Coming Soon:

The following books by Robert Paul Wolff are available on Amazon.com as e-books: KANT'S THEORY OF MENTAL ACTIVITY, THE AUTONOMY OF REASON, UNDERSTANDING MARX, UNDERSTANDING RAWLS, THE POVERTY OF LIBERALISM, A LIFE IN THE ACADEMY, MONEYBAGS MUST BE SO LUCKY, AN INTRODUCTION TO THE USE OF FORMAL METHODS IN POLITICAL PHILOSOPHY.
Now Available: Volumes I, II, III, and IV of the Collected Published and Unpublished Papers.

NOW AVAILABLE ON YOUTUBE: LECTURES ON KANT'S CRITIQUE OF PURE REASON. To view the lectures, go to YouTube and search for "Robert Paul Wolff Kant." There they will be.

To contact me about organizing, email me at rpwolff750@gmail.com




Total Pageviews

Wednesday, July 19, 2017

AROUND THE FIFTH

While I was taking my morning walk [along the circumference of the 5th arrondissement], I reflected on several very significant recent developments in American domestic politics.  [I shall reserve to a later post my responses to the wealth of interesting comments about morality and international affairs.]  I refer first to the revelations regarding the meeting between Kushner, Trump jr., and Manafort and an ever expanding roster of characters, and second the collapse of the efforts of Senate Republicans to do something, anything, about the Affordable Care Act.

The daily revelations about the meeting make it more and more likely that there was a sustained, extensive, conscious, deliberate attempt by Trump himself and his closest advisors to work hand in glove with agents of the Russian government to defeat Hilary Clinton, in return for which assistance Trump would deliver a lifting of economic sanctions and other desiderata of the Putin government.  You may adopt any evaluative stance toward this effort you wish, but it is becoming more and more implausible to deny that it occurred.  Since Clinton was an historically awful candidate, she would no doubt have contrived to lose the election all on her own, but pretty clearly laws were broken, and Robert Mueller will, I should imagine, prosecute a number of the members of Trump’s family, unless, as I expect, Trump intervenes and issues a raft of plenary pardons.  I rather doubt there could be revelations sufficiently awful to prod the Republican House to vote a bill of impeachment.  We shall have to wait and see.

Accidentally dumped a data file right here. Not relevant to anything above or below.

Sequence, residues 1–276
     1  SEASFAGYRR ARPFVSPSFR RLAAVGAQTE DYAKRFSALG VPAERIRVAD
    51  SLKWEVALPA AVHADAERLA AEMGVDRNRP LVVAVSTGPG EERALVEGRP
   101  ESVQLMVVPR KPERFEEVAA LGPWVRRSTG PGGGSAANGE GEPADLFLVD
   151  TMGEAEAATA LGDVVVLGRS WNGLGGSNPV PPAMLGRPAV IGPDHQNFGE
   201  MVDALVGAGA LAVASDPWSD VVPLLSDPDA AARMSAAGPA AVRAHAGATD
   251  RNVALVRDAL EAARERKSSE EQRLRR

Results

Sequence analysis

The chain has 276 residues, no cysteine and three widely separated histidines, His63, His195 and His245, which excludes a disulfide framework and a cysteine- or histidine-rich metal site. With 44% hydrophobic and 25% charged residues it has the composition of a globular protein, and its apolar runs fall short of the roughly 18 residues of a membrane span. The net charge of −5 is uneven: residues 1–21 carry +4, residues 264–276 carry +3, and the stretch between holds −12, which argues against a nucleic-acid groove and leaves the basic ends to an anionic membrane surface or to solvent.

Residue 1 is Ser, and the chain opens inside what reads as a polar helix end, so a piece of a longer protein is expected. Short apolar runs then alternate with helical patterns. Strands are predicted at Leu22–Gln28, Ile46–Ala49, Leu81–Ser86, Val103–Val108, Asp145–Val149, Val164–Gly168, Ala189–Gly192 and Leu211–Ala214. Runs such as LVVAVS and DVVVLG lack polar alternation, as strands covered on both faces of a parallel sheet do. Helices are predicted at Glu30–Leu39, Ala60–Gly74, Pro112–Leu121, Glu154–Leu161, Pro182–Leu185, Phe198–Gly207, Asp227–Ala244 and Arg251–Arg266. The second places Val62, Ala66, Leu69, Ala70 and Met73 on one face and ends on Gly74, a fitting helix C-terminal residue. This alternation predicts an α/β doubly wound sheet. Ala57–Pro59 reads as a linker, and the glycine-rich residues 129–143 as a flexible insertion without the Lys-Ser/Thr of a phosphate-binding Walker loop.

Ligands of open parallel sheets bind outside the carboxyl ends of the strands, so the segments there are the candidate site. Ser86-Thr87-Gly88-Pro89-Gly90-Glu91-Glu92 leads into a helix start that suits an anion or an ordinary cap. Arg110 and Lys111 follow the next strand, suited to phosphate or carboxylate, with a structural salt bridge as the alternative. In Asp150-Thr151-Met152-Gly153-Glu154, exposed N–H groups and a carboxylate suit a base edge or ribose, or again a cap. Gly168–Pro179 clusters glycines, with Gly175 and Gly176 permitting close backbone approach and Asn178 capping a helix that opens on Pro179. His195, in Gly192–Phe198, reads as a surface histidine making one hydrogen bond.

The failure of Senate health care initiatives is splendid news, for two reasons.  First, it stops the Congress and President from doing terrible, terrible harm to tens of millions of people.  Second, it establishes the political truth that health care is now indeed the third rail of modern American politics, as Social Security once was.  [For the youthful among you, when subways powered by electricity were introduced, the trains ran on a pair of parallel rails through which no electricity flowed.  The power was delivered by a third rail.  You could jump down onto the tracks and touch the first two rails with impunity, so long as you got back up before the next subway train ran over you, but if, when doing so, you touched the third rail, you got electrocuted.]  The third rail became first a metaphor and then a cliché for a legally established right or program it was political death to touch.

The Democrats, even those suicidally bent on resurrecting the Clintonian Democratic Leadership Council’s Third Way, have taken notice of the spontaneous upswelling of resistance to the Republican efforts to repeal the ACA and seem collectively to possess the wit to make opposition to those efforts the centerpiece of their 2018 campaign.  By one of those bizarre turns that makes politics so hard to predict, in the midst of this ground level resistance, Single Payer seems to be gaining support.


By the way, merely flying to Paris seems to have made it possible for me to squelch the tendency to view American politics as the natural center of the universe.  Very liberating.

6 comments:

Jerry Brown said...